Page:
The genus Carduus Linnaeus

Remark The words or terms in red (actually dark orange) in the text are defined in a glossary.

jul_07_11n.gthmb can't be loaded. The genus Carduus is not native to North America; it was introduced in the late 1800s, crowding out the native species and forage for the livestock; the genus is native to Eurasia and Africa. The genus has about 90 species, 5 of which can be found in North America and 3 of them in Québec. The Carduus species are annuals or biennials but rarely perennials. They have a chromosome number (2n) of 8, 9, 10, 11 or 13.

The species of the Carduus genus are at times quite similar to the species of the Cirsium genus. In fact, at one time botanists considered the species of Cirsium to be Carduus taxa. The only significant difference between these two genera is the nature of the pappus. The Cirsium species can be distinguished from the Carduus species by the plumose pappus of their seeds. The members of the Carduus genus are known as plumeless thistles because of their simple, not plumose, pappus. In the genus Carduus the pappus is composed of capillary bristles that are naked, single, and silky; whereas in the genus Cirsium the pappus is composed of featherlike bristles. The pappus must always be examined to determine the genus of an unidentified thistle.

The genus belongs to the Asteraceae family.


In Latin, cardus or carduus is the generic name for the thistles as cited by the Roman poet Publius Vergilius Maro (Vergil), 70 BC-19 BC, in De Georgica (The Georgics), a poem on the subject of agriculture. Thistles include many genera and many species of the subfamily Cynareae of the Asteraceae family, Cirsium, Silybum, Carduus etc. It is also the name of the artichoke, (Cynara cardunculus var. scolymus), cited by Plinius Secundus (Pliny the Elder), 23 AD-70 AD, in Naturalis Historia (Natural History). Although the artichoke does not belong to the Carduus genus there is some similarity between the artichoke and thistles.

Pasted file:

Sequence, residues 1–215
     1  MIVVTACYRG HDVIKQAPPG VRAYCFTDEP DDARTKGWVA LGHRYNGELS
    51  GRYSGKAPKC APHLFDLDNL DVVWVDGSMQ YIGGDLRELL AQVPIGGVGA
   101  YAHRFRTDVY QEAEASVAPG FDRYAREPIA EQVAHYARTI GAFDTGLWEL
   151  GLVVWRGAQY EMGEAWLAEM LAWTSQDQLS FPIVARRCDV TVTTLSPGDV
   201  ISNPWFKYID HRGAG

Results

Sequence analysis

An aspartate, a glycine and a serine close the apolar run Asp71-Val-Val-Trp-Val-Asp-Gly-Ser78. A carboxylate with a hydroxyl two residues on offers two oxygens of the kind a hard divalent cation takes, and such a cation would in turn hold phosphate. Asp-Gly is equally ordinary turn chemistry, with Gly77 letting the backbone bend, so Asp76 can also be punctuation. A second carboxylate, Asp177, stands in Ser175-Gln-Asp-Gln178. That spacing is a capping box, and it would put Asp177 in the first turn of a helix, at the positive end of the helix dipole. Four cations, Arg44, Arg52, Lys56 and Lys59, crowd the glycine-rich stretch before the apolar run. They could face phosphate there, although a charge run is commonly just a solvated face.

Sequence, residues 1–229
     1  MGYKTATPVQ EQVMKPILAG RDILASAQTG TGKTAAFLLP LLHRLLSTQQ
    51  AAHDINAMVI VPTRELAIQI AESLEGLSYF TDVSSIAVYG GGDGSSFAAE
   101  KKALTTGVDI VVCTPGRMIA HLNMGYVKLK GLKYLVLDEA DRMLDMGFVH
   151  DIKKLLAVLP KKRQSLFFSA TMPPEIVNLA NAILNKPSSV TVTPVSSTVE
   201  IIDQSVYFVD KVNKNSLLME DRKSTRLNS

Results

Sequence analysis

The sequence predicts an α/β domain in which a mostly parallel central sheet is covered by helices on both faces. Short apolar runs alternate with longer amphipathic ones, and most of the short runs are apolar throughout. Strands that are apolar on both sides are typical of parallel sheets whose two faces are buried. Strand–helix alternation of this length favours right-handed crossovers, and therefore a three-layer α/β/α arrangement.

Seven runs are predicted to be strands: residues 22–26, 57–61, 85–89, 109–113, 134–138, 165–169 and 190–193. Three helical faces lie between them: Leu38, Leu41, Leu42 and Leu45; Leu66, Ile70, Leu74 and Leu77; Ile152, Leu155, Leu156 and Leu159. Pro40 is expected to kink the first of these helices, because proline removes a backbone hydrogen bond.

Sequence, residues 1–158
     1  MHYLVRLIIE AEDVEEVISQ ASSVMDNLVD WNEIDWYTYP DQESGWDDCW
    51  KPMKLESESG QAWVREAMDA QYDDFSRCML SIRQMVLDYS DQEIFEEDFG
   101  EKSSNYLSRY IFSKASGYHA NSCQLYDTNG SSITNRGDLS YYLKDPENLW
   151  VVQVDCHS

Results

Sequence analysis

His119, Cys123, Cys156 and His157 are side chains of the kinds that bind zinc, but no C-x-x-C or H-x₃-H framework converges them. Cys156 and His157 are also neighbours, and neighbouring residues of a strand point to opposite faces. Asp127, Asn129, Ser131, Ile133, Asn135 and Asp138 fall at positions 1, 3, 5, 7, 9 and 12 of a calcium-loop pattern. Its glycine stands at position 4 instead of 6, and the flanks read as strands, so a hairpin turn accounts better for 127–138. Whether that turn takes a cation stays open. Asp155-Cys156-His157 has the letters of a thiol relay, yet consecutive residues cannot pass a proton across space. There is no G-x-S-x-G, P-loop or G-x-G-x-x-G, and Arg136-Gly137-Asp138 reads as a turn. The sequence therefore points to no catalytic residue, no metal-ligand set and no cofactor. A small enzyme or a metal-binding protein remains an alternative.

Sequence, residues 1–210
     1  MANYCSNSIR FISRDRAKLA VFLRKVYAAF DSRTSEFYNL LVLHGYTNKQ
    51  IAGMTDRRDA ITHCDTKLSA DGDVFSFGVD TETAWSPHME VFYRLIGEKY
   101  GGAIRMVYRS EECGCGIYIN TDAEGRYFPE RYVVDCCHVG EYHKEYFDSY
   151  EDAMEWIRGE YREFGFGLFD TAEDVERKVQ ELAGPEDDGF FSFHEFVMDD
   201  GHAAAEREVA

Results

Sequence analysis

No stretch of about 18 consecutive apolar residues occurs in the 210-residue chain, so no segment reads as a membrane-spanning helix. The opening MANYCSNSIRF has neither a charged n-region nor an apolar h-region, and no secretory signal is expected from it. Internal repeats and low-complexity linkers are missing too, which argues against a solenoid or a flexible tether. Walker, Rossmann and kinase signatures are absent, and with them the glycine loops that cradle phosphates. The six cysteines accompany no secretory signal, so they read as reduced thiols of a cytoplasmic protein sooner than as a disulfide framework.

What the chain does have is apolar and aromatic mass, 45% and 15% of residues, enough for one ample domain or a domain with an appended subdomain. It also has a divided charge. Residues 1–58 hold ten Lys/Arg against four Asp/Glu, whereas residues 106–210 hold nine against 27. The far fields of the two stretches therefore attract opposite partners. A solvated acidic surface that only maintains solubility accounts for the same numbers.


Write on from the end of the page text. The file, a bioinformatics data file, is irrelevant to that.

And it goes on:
Carduus can reach 2 m in height and more, but some are not more than 30 cm high. They have erect stems that are simple too much branched. They have basal and cauline leaves. Their blade margins are dentate and spiny. The flower heads have disk florets only, that are pink or purple. Their phyllaries are in series, of half a dozen to a dozen and tipped by a spine. The seeds are ovoid cypselae with a barbed pappus.

The Carduus of Québec

In Québec one can find three species of the Carduus genus: It is not to difficult to differentiate these species; Carduus nutans plants have larger involucres, form 20 mm up to 70 mm, than the other two species, up to or less than 20 mm. Then, the abaxial leaf faces of Carduus acanthoides are glabrate except for long, curled, septate hairs along the veins. The abaxial leaf faces of Carduus crispus are sparsely to densely tomentose with fine non septate hairs and often with curled, septate hairs along the veins as well.